PLC103 - HMI/Factory Talk View Implementation

Outline info
Last revision date 2018-07-20 11:30:27.118
Last review date 2018-07-20 11:30:42.327

Subject Title
HMI/Factory Talk View Implementation

Subject Description
This subject introduces the student to the advanced techniques of the HMI design Using FTAP-View ME; SE Local and FTAP View Network Edition. The students will learn how to create a local application using FTAP-View Machine Edition to create multiple screen application using Local Messages; Alarming; Animation; Recipe and Run Time application; also using FTAP View SE Local Edition the student will build an application to provide Data Logging and Alarm server, the connection to the process via RS-Linx classic OPC or RS-Linx Enteprise and the connection to the Access or SQL server database via ODBC.
Using FTAP SE Network the student will learn how to setup HMI Server to provide communication to the FTAP-View Clients, also in all applications the faceplates will be used extensively.
  Note: Bring your safety glasses to class

Credit Status
One credit toward a PLC-System Integrator Specialist Recognition of Achievement

Learning Outcomes
Upon successful completion of this subject the student will be able to:

1. Set up the communication between the PLC and the Human Machine Interface (HMI).

2. Program the HMI with all the logical structures to accommodate an industrial application.

3. Change/modify an existing touch screen program adding different buttons, analog or digital meters and graphic bars.

Cheating and Plagiarism
Each student should be aware of the College's policy regarding Cheating and Plagiarism. Seneca's Academic Policy will be strictly enforced.

To support academic honesty at Seneca College, all work submitted by students may be reviewed for authenticity and originality, utilizing software tools and third party services. Please visit the Academic Honesty site on for further information regarding cheating and plagiarism policies and procedures.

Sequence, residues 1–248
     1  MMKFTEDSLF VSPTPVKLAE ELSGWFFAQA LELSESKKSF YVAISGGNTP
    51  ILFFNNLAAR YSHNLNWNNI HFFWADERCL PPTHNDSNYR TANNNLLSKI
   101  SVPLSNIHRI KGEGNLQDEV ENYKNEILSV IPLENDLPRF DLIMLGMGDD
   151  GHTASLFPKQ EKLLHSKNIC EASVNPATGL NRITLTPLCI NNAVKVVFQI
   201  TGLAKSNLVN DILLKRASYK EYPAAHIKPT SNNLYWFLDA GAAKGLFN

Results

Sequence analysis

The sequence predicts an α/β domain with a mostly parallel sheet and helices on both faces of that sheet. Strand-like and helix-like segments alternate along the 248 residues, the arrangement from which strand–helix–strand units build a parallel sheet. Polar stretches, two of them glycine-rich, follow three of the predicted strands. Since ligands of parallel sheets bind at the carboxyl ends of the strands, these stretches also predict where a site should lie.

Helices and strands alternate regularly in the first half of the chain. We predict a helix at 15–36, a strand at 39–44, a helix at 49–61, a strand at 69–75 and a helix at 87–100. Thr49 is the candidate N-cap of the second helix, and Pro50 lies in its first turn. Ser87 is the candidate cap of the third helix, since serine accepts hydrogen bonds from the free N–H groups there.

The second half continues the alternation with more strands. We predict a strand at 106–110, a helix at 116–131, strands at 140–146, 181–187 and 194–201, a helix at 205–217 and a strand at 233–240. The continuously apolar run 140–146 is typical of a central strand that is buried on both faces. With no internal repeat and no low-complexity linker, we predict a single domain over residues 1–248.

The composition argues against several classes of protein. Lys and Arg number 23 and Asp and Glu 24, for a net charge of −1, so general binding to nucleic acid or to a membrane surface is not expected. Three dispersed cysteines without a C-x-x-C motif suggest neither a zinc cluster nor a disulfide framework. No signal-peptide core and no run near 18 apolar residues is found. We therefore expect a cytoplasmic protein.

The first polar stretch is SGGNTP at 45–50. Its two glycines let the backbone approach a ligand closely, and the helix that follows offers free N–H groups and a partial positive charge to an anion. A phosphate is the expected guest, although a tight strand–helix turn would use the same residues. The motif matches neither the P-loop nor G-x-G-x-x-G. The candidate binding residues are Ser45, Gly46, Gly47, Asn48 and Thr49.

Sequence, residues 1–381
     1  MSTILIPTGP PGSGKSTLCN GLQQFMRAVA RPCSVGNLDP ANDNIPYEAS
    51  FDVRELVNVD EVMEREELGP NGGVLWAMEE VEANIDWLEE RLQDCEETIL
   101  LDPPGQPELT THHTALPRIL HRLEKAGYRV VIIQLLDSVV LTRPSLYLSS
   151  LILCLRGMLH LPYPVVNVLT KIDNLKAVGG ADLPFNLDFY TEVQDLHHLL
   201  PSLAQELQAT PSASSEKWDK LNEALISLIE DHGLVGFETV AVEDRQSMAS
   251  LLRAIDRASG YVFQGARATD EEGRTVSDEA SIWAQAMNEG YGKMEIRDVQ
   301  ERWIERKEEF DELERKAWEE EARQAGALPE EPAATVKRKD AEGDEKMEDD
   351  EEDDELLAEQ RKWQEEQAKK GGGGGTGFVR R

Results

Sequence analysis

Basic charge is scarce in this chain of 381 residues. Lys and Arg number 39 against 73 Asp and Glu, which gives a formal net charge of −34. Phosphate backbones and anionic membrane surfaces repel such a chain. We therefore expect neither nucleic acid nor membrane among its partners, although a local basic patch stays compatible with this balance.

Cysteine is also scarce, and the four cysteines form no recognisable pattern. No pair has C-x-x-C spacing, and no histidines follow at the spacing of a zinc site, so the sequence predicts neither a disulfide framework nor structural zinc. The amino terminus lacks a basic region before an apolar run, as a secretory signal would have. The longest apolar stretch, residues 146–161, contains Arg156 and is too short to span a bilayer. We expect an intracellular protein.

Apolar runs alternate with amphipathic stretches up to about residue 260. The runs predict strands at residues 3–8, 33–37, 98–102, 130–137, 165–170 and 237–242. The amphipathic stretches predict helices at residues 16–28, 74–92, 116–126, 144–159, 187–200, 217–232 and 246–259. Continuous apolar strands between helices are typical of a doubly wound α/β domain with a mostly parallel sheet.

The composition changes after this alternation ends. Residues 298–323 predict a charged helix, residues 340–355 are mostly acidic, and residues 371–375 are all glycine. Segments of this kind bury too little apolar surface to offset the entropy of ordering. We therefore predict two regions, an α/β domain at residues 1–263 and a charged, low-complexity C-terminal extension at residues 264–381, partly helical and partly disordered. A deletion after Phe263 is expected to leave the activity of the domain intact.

All students and employees have the right to study and work in an environment that is free from discrimination and/or harassment. Language or activities that defeat this objective violate the College Policy on Discrimination/Harassment and shall not be tolerated. Information and assistance are available from the Student Conduct Office at

Accommodation for Students with Disabilities
The College will provide reasonable accommodation to students with disabilities in order to promote academic success. If you require accommodation, contact the Counselling and Disabilities Services Office at ext. 22900 to initiate the process for documenting, assessing and implementing your individual accommodation needs.

PLC 101 - PLC Basic Programming

Topic Outline

  • The Human Machine Interface
  • Touch Screen programming
  • How to design an interactive human interface
  • The NT Software capability
  • Implementing buttons, meters/graph bars, alarm units, an interactive solution
  • Connecting the PLC to the HMI
  • Practical solutions for a typical industrial applications

Mode of Instruction
Lectures and hands-on practice in the lab

Laboratory work is essential and will reinforce all the theory with actual programming of the PLC.

Prescribed Texts
Software Requirement

1. USB - PLC Lecture Notes

2. Rockwell Automation Student Took Kit

Reference Material
Programmable Logic Controllers, Author:  John R. Hackworth / Frederick D. Hackworth Jr. Publisher:  Pearson Prentice Hall, ISBN 10: 0130607185